Runoff in coastal waters is connected to the degradation and pollution of coral reefs and other oceanic ecosystems. Unmanned aerial vehicles (UAVs) have currently been used to surpass the challenges of tracking water flow between ecosystems and over huge regions.
High-frequency airborne UAV images and flight surveys were employed by scientists at King Abdullah University of Science and Technology (KAUST) to monitor the movement of dye plumes discharged during an ebbing tide.
Headed by remote sensing scientist Kasper Johansen, the team also used data from aerial images integrated with field measurements to chart dye concentrations, offering insights into the scattering of materials in the water column and throughout the coast.
To facilitate continuous monitoring of the dye plumes, two drones flew for 80 minutes above the mangrove and seagrass areas where the dye was discharged, capturing photos every 10 seconds and delivering total coverage of the plumes. UAV flight surveys then gathered data as the plumes spread across a larger area.
Field-based dye concentration measurements were associated with the pixel values of spectral bands and indices of 30 diverse UAV images. These were taken at the precise time of each seawater sample collection to develop a connection that could be used to chart dye concentrations for the period of the ebbing tide.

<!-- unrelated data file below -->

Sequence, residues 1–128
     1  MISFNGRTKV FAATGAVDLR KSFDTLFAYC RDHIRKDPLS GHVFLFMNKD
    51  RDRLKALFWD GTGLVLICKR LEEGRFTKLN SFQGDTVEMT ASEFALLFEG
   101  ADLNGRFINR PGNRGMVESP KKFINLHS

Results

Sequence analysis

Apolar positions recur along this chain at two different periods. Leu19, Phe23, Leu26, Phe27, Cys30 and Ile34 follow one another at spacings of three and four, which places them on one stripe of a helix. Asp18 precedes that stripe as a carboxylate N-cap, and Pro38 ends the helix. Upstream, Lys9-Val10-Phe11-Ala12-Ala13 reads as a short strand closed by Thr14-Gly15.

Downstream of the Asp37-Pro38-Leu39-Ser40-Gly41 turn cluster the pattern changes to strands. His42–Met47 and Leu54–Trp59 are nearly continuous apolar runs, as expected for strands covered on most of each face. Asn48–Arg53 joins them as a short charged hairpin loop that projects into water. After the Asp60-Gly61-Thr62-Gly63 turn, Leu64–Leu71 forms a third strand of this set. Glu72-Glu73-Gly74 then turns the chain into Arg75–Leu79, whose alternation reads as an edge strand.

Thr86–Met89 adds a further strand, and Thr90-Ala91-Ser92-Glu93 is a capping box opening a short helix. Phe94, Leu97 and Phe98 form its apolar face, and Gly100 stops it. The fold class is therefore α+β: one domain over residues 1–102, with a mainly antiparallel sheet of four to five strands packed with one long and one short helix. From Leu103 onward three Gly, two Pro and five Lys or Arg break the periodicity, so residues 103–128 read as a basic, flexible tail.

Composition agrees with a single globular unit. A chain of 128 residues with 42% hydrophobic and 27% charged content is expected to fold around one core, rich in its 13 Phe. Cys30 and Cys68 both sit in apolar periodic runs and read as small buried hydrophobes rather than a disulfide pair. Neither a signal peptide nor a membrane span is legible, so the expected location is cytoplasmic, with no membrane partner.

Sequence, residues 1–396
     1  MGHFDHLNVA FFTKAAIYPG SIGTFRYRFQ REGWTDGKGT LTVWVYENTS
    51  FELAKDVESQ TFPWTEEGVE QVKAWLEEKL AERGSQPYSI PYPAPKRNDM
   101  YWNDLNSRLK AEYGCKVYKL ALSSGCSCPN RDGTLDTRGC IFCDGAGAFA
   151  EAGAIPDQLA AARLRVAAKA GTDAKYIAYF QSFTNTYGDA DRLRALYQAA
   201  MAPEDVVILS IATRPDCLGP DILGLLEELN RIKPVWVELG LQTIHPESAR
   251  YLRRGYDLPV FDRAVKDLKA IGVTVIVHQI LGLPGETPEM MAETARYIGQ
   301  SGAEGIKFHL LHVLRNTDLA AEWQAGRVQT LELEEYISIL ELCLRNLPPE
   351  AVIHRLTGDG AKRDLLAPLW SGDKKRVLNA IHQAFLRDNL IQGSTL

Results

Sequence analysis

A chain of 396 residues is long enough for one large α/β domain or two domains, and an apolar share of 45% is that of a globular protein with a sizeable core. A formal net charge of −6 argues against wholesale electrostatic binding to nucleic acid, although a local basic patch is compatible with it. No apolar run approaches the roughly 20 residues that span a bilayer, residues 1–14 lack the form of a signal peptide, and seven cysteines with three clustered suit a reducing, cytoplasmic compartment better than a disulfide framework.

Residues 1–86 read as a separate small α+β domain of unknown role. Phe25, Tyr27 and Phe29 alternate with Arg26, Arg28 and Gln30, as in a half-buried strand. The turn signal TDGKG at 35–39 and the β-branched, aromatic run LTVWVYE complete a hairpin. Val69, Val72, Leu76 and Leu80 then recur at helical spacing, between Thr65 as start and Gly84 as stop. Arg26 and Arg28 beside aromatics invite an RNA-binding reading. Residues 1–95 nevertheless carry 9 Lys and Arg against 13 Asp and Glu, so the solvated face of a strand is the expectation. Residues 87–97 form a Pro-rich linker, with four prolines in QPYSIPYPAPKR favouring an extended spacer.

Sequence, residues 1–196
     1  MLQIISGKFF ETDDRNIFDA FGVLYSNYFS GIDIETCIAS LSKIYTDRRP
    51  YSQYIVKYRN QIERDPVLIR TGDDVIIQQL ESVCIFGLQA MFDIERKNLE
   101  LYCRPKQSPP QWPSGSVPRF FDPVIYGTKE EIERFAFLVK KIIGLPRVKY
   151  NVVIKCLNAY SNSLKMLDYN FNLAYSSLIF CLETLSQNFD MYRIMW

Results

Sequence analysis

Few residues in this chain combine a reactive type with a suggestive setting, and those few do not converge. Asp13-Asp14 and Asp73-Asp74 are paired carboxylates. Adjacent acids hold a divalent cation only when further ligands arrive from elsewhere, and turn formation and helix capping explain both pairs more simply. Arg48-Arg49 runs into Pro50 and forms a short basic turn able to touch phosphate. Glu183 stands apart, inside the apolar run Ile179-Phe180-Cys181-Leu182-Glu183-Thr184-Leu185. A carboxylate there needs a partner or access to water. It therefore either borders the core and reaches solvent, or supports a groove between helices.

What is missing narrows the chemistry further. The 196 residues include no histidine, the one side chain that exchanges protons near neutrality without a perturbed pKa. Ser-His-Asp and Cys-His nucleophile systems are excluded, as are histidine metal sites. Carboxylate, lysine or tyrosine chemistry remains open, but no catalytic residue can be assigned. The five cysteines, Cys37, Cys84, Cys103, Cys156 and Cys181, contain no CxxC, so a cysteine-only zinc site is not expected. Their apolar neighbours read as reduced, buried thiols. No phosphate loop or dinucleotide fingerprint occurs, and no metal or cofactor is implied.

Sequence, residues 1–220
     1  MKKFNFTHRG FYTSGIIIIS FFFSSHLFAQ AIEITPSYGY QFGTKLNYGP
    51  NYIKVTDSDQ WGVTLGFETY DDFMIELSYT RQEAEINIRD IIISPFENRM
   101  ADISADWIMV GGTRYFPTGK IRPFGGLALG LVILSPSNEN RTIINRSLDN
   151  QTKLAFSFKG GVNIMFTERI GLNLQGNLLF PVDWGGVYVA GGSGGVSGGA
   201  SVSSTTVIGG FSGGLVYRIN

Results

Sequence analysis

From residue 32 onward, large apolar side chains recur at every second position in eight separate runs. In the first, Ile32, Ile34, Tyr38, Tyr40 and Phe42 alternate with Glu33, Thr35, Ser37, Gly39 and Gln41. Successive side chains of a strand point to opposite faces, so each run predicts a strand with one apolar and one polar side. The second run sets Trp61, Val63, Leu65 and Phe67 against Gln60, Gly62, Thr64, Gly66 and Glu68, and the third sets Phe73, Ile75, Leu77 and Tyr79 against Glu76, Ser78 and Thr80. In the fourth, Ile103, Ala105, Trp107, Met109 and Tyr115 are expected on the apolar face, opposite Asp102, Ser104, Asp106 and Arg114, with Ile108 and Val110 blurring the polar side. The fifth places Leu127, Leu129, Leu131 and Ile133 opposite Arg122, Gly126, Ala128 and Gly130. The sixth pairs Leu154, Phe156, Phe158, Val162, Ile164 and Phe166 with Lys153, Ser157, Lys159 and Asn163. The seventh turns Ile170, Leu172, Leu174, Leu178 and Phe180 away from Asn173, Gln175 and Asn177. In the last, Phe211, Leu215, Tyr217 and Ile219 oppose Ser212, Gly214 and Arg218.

Johansen explains the data acquired can offer insights into the transportation, exchange and dependencies of nutrients between seagrass, mangrove and coral reef ecosystems.
With new high spatial resolution satellite constellations becoming available and allowing sub-daily image collection, satellite-based dye-tracing experiments may be accomplished for much larger areas, with UAV data potentially bridging the gaps between field measurements and satellite image data.
Kasper Johansen, Study Lead and Remote Sensing Scientist, KAUST
Having a grasp of the dynamics and exchanges of nutrients and water throughout the coastal fringe is crucial for several research activities at KAUST.
Matthew McCabe, the director of Climate and Livability Initiative at KAUST states the study has shown the capacity of new Earth observation methods for tracking time-sensitive events and recording rapidly developing processes.
These technologies can be deployed to support some of the large-scale projects going on within Saudi Arabia.
Matthew McCabe, Director of Climate and Livability Initiative, KAUST
Studies in the future could monitor coastal water flows in different environmental settings, for example, with larger tidal ranges or deeper water. The technique could also help estimate where pollutants such as river runoff, sewage or oil spills will be shifted along the coast.
The study represents a lower cost way to visualize coastal water flows. UAVs are becoming increasingly available to scientists and private citizens, so this method offers a more accessible and cost-effective way for regular monitoring of coastal water movement.
Aislinn Dunne, Marine Scientist, KAUST
Johansen, K., et al. (2022) Dye tracing and concentration mapping in coastal waters using unmanned aerial vehicles. Scientific Reports. doi.org/10.1038/s41598-022-05189-9.